For example:   CrowBarGot hammered.
Nailed her.
Husband saw.
. I think this one must take place over a few hours. And, of course, the emphasis is on the set of puns I’ve used.

If anyone is familiar with my work, you’ll know I have an unfortunate addiction to puns. Picking a play on words first does seem to help me come up with a story. And I like as well to take phrases that already exist, and give them a double meaning. Usually when you’re writing, the images are the most important part and the words themselves take second place. They’re there to evoke the scene. But I think when you’ve only got six words, the words have to take precedence. It’s not that imagery is unimportant – you’re still trying to create that scene for the reader - but every word absolutely has to count.

I don’t strictly speaking edit. I’ve had a lot of practice now, so I’m comfortable with the six word form and the available space within the story. I get to six words almost automatically because my brain knows to think along those lines. (So much so, that when I tried to write 4-word microprose, I kept ending up with six word stories.) Occasionally I’ll try an idea, and end up with 7 or 8 words. At that point I have to look at the story from a different angle and make another attempt. Rephrasing usually doesn’t work.

I rarely write ideas down – I like to turn them over in my head. The puzzle aspect of writing the stories is very appealing. Often it feels as though the story already exists, and I have to put the pieces together and find it. Sometimes the final step is a sudden leap of inspiration but I find before that, I generally have to do the groundwork of coming up with a few possible ideas for my brain to mull over.

On occasion stories will pop into my head almost fully formed and sometimes I write stories quickly that are not terribly impressive. In my gallery there are many six word stories of varying quality. But on the whole I take six word stories just as seriously as any other kind of writing. I take time over a story if it needs it: a few hours or a few days. I redraft them looking for the right words. I do research for them if necessary. I think about the perfect title.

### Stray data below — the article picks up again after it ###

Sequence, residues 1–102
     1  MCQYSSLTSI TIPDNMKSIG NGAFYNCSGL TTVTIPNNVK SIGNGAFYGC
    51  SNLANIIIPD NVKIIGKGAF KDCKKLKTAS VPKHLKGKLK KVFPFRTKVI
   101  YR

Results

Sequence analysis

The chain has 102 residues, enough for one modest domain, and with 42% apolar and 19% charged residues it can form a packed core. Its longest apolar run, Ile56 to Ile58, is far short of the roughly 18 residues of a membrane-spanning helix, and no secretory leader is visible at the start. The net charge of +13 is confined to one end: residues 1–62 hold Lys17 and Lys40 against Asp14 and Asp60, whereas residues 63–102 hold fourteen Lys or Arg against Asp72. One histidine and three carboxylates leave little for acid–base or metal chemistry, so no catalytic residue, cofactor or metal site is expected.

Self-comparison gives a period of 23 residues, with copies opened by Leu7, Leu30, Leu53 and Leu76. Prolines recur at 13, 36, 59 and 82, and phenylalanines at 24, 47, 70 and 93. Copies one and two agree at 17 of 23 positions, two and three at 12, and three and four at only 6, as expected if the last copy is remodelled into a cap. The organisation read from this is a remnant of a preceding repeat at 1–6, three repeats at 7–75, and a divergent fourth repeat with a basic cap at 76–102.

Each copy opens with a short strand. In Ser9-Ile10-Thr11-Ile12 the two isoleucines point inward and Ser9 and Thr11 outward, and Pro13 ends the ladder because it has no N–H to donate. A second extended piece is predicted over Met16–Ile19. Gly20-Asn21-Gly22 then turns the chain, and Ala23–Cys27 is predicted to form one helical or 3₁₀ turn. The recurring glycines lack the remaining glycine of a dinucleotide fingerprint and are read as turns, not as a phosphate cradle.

Writing a really good six word story gives me an enormous amount of pleasure. I truly believe in the artistic worth of this delightful little form.


[If you would like to share your experiences with writing a six word story, please note the group!]
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:iconvanessanon:
Vanessanon Sep 30, 2013  Professional Writer
It's interesting to see how other people write, form ideas and make a story. My writing has always been about trying to convey a feeling, with six word stories I try to make them have enough impact and emotion as if you have had to sit with the character and endure it yourself. It isn't always easy, but I find the effects can sometimes come across more shockingly, more abruptly; they 'hit the reader in the face' so to speak. A sudden understanding of that emotion can be powerful, well that is always my intention, even if it's not always the outcome.
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:iconzmb216:
That was an excellently written breakdown of your process! It is very helpful too; I run into issues with six word stories because when I first started writing I wrote poetry. I strove to be as descriptive as possible in order to put the emotions I felt as I wrote into the poem. When I try to write a six word story I have trouble getting as much feeling as I want into six words.